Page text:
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The degree to which one has positively impacted the lives of others—in short, service. For me, this means providing ac- cess to greater opportunity and upholding and expanding human rights. It stems from trying to be a good human


being and rais- ing my son to be one too. It requires main- taining high standards with regard to the quality and

integrity of my work and making everyday choices that align with my values, beliefs, and priorities.

Has your definition changed over time? As a student, my idea of success was rooted in my own aca- demic performance. I guess you could say that I’ve now turned that notion into something that is outward-looking rather than inward-looking.

How do you influence your students’ ideas of success? When our students start kindergarten we plant the seeds of academic achievement, college graduation, and options in life, and we work to cultivate them every day, with high ex- pectations and rigorous standards of accountability and with language and rituals that foster a college-going culture.

How important is being successful?

Success in my work is integral to my success in life; it’s a major part of how I define myself. The other key for me is being a successful wife and mother. It might be easier to ig- nore my definition of success in work and pursue some- thing more lucrative or less demanding, but my integrity— what I say matters to me and what I choose to prioritize— would be lost.

JARED TENDLER ’01 Management-psychology major MS in counseling psychology, Northeastern University Licensed mental-health counselor; mental coach to professional poker players and golfers New York City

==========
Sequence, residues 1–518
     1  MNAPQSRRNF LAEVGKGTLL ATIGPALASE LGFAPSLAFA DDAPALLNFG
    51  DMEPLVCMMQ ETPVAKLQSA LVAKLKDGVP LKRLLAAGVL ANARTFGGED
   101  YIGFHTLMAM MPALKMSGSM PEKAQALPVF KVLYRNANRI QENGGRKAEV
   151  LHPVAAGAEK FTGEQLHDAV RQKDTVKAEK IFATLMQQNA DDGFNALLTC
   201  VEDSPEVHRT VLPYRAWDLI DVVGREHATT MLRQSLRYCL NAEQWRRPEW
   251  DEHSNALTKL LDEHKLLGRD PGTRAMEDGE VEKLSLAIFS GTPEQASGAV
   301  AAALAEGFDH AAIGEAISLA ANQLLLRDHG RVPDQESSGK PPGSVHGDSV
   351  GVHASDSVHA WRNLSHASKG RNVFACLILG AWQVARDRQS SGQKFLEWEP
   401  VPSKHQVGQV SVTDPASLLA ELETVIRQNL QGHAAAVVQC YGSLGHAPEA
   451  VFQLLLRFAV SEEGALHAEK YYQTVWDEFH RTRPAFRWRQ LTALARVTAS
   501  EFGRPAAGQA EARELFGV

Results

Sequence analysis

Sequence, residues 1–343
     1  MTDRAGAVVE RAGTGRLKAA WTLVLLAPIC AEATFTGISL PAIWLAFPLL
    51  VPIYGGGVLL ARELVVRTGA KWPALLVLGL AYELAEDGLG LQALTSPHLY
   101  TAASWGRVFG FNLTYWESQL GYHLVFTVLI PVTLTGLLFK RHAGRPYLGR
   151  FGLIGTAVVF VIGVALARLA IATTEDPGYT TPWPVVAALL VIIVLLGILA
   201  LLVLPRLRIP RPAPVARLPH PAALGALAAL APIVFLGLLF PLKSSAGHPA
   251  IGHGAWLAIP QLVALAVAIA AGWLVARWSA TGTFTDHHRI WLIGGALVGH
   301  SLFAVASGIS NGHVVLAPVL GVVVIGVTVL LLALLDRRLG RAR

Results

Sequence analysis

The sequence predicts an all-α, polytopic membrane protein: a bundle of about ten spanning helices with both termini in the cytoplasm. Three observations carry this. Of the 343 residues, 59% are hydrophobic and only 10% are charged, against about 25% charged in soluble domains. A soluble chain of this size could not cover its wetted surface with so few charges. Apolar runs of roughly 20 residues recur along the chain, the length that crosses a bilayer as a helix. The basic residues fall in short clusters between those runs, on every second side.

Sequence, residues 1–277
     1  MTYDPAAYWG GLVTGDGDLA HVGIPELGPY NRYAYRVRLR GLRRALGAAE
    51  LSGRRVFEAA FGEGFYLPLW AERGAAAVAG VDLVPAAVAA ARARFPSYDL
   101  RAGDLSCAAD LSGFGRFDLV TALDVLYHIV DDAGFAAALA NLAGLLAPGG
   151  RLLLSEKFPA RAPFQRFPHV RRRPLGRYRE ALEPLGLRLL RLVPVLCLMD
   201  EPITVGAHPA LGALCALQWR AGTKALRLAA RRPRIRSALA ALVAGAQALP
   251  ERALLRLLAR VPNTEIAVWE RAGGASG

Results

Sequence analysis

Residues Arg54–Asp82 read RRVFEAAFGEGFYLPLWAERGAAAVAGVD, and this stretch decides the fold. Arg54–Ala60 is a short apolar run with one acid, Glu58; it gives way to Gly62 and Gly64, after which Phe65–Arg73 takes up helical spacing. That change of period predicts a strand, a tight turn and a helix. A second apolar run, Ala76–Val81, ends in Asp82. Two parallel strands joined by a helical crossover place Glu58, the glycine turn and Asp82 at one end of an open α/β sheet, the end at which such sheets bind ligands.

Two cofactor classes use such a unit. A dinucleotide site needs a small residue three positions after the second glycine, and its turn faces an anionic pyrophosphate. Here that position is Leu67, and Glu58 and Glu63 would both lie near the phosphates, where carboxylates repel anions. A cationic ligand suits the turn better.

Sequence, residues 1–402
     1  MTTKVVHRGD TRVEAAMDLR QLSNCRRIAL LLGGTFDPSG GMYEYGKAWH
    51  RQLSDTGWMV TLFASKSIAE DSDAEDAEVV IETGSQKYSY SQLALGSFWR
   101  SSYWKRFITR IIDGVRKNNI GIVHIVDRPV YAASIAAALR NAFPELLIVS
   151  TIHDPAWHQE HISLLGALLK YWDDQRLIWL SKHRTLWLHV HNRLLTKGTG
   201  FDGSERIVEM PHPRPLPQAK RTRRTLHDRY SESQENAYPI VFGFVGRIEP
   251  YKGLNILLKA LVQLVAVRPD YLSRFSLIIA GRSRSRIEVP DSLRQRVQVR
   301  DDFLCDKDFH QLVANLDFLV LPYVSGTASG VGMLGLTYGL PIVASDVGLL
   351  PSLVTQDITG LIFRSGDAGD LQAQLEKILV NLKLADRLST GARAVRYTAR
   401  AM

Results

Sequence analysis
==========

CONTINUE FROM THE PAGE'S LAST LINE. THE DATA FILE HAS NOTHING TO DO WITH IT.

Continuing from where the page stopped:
How do you define success? It’s a level of fulfillment in the things that can’t be quantified, and a level of achievement that fulfills me in the things that can be quantified. It’s the combination of quality and quantity.

Has your definition changed over time? Definitely. I remember winning golf tournaments and feel- ing nothing, because I was always comparing it to what else I wanted. I realized that this old version of success was noth-

ing more than chasing my tail. I learned that recognizing and feeling proud of what I accomplished didn’t mean I was going to stop working to be better. That made me capable of wanting to achieve more, but not in a desperate way that fo- cuses only on results.

What did success mean when you first graduated? Figuring out how to become a professional golfer. I knew that I did not have the mental wherewithal to get there, and I saw counseling psychology as a stepping stone for me to solve the issues that were holding me back. I figured that I could solve my problems and go play professional golf, and also have a counseling career, because I knew that I wasn’t alone.

How do you help pro poker players? To be more successful they have to improve every single day, even if only slightly. My job is to identify the hidden road- blocks in their mental game and overall approach to im- provement, and to customize strategies to eliminate them.

Any advice for today’s students?

If your definition of success is too narrow you’ll feel unful- filled, and if it’s too wide you’ll feel overwhelmed. As you grow as a person and in your career, allow your definition of success to evolve to match where you are at different times.

NELLE NUGENT ’60 Theater major Owner, Foxboro production company; adjunct assistant professor of film, video, and broadcasting, New York University New York City

How do you define success? When people ask me what I do, I say, “I make people’s dreams come true.” Taking something that you read on a page and getting it onto the screen or stage is a success in itself. That an audience pays to come see it is beyond one’s wildest dreams. I love standing at the back of the theater and hearing the audi- ence react, and thinking. “Oh, they love it too. How exciting!”

Has your defini- tion changed over time? Well, my first suc- cess was landing a job at all in New York after I got out of Skidmore. My


second was becoming a stage manager when females weren’t stage managers. And I certainly never thought of becoming a producer, but once I became a producer it felt like destiny.g


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